David Bourget (Western Ontario)
David Chalmers (ANU, NYU)
Rafael De Clercq
Jack Alan Reynolds
Learn more about PhilPapers
Journal of Military Ethics 1 (2):136-144 (2002)
While the origin and development of the just war tradition until the early modern period blended concerns, ideas, and practices from the moral, legal, political, and military spheres, from the mid-seventeenth century until the mid-twentieth it largely disappeared as a conscious source of moral reflection about war and its restraint. Beginning in the 1960s, however, American theologian Paul Ramsey initiated a recovery of just war thinking in a series of writings applying the principles of discrimination and proportionality, ideas he traced both to Augustinian theology and to natural law, to the debate over nuclear weapons and later to the Vietnam War. Ramsey's work directly engaged both theological and policy debate over military force, initiating lines of reflection that have since developed further and become increasingly institutionalized. This brief essay examines the nature of Ramsey's just war thought and its influence over the last 40 years
|Keywords||No keywords specified (fix it)|
|Categories||categorize this paper)|
Setup an account with your affiliations in order to access resources via your University's proxy server
Configure custom proxy (use this if your affiliation does not provide a proxy)
|Through your library|
References found in this work BETA
No references found.
Citations of this work BETA
Serena K. Sharma (2009). The Legacy of Jus Contra Bellum: Echoes of Pacifism in Contemporary Just War Thought. Journal of Military Ethics 8 (3):217-230.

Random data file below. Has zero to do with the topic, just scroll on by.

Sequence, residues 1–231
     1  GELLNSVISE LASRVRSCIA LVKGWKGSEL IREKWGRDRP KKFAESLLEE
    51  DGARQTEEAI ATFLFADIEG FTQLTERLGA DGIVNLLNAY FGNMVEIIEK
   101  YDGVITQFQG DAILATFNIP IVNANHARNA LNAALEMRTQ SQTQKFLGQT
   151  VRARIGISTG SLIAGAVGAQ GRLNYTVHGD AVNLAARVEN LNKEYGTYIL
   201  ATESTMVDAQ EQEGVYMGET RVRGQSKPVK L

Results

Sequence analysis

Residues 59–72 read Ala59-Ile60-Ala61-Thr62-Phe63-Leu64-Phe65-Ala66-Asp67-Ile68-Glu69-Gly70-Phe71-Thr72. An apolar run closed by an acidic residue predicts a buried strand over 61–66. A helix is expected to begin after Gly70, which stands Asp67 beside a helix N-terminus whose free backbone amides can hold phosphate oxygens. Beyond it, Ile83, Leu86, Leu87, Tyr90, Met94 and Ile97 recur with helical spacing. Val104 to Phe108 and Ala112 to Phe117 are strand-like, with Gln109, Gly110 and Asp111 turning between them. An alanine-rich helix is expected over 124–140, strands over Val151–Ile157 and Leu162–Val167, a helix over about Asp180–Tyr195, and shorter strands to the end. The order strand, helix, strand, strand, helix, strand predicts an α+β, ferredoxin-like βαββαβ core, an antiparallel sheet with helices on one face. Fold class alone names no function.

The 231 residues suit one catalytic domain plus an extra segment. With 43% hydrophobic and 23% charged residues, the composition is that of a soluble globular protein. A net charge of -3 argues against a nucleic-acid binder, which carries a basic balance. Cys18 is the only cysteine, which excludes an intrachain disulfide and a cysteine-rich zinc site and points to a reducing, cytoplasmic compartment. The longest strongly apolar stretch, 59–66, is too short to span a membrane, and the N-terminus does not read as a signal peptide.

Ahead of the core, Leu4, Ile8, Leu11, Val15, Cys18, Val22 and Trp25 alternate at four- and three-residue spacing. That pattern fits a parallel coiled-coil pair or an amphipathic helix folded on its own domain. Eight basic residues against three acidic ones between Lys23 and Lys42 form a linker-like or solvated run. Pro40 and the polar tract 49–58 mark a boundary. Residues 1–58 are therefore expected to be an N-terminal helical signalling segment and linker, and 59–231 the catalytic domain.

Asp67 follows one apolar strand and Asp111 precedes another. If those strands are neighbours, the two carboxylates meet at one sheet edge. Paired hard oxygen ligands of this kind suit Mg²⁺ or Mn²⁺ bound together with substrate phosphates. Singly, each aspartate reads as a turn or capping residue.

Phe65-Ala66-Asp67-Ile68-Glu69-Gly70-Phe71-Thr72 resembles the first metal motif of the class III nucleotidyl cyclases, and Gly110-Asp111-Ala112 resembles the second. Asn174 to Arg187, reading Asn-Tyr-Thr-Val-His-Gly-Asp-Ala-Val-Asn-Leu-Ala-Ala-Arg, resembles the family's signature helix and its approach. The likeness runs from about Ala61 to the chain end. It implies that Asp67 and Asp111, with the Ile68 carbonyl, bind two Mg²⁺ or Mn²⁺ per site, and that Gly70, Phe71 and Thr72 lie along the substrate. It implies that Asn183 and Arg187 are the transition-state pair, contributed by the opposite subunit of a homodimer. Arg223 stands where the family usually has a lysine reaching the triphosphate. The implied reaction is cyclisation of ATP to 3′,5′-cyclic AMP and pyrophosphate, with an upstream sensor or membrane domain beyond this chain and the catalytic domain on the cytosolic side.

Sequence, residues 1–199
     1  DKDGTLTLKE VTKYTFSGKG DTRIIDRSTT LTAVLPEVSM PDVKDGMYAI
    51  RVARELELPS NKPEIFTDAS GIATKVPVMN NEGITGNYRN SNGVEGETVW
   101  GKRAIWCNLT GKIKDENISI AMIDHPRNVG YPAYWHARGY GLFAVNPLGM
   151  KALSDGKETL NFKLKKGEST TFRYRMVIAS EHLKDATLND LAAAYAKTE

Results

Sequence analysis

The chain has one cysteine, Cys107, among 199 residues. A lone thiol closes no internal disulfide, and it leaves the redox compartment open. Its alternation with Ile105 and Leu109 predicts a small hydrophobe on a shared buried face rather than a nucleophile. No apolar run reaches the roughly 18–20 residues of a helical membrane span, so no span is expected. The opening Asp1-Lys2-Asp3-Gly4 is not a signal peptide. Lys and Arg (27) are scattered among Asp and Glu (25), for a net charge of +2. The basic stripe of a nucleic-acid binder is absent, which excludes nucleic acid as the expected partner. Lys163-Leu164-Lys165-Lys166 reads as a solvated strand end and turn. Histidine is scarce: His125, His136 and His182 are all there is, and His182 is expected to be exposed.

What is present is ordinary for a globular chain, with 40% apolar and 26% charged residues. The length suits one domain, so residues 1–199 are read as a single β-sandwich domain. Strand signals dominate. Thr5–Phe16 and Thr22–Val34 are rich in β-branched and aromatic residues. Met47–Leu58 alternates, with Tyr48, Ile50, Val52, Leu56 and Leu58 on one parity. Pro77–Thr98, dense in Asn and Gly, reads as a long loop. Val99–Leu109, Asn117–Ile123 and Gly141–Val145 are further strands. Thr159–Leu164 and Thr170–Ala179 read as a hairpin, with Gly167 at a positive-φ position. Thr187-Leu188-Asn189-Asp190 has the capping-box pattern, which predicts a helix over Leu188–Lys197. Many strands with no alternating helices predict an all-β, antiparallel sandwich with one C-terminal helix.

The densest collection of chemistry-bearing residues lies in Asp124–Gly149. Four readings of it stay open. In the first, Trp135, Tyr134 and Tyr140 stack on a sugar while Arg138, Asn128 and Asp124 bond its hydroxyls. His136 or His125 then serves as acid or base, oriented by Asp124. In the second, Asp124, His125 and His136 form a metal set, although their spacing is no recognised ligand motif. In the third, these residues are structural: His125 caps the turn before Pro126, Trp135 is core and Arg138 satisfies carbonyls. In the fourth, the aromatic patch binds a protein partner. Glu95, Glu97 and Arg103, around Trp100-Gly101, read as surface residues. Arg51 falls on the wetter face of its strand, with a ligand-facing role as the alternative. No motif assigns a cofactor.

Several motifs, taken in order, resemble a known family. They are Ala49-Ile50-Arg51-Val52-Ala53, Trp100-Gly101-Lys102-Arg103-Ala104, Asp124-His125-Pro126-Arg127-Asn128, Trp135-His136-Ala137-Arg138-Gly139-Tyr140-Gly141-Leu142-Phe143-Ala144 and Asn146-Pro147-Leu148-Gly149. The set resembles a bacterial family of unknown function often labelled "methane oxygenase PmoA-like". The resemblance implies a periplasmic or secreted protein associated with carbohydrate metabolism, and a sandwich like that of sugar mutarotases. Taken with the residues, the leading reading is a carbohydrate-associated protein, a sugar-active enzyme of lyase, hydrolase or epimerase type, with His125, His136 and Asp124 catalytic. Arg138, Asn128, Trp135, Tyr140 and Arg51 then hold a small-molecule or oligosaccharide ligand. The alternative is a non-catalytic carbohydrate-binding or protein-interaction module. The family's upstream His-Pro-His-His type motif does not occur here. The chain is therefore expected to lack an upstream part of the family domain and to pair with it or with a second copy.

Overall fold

John Forge (2009). Proportionality, Just War Theory and Weapons Innovation. Science and Engineering Ethics 15 (1):25-38.
Davis Brown (2011). Introduction: The Just War Tradition and the Continuing Challenges to World Public Order. Journal of Military Ethics 10 (3):125-132.
Betsy Perabo (2008). The Proportionate Treatment of Enemy Subjects: A Reformulation of the Principle of Discrimination. Journal of Military Ethics 7 (2):136-156.
Similar books and articles
James T. Johnson (1991). Just War in the Thought of Paul Ramsey. Journal of Religious Ethics 19 (2):183 - 207.
James Turner Johnson (2006). The Just War Idea: The State of the Question. Social Philosophy and Policy 23 (1):167-195.
Richard B. Miller (1988). Love, Intention, and Proportion: Paul Ramsey on the Morality of Nuclear Deterrence. Journal of Religious Ethics 16 (2):201 - 221.
James Turner Johnson (2008). The Idea of Defense in Historical and Contemporary Thinking About Just War. Journal of Religious Ethics 36 (4):543-556.
Scott Davis (1991). "Et Quod Vis Fac": Paul Ramsey and Augustinian Ethics. Journal of Religious Ethics 19 (2):31 - 69.
Steven Metz & Phillip R. Cuccia (eds.) (2011). Defining War for the 21st Century. Strategic Studies Institute, U.S. Army War College.
James T. Johnson (1975). Natural Law as a Language for the Ethics of War. Journal of Religious Ethics 3 (2):217 - 242.
J. Bryan Hehir (1992). Just War Theory In A Post-Cold War World. Journal of Religious Ethics 20 (2):237 - 257.
Patience Coster (2013). The Ethics of War. Rosen Central.
J. T. Johnson (1994). Paul Ramsey's Just-War Doctrine. Studies in Christian Ethics 7 (2):152-154.
Steven Lee (2012). Ethics and War: An Introduction. Cambridge University Press.
Robert Palter (1964). Book Review:The Limits of Nuclear War. Paul Ramsey. [REVIEW] Ethics 75 (1):71-.
Paul Ramsey (1976). Some Rejoinders. Journal of Religious Ethics 4 (2):185 - 237.
Ping-Cheung Lo (2012). The Art of War Corpus and Chinese Just War Ethics Past and Present. Journal of Religious Ethics 40 (3):404-446.
Added to index2010-08-24
Total downloads20 ( #142,353 of 1,726,249 )
Recent downloads (6 months)1 ( #369,877 of 1,726,249 )
How can I increase my downloads?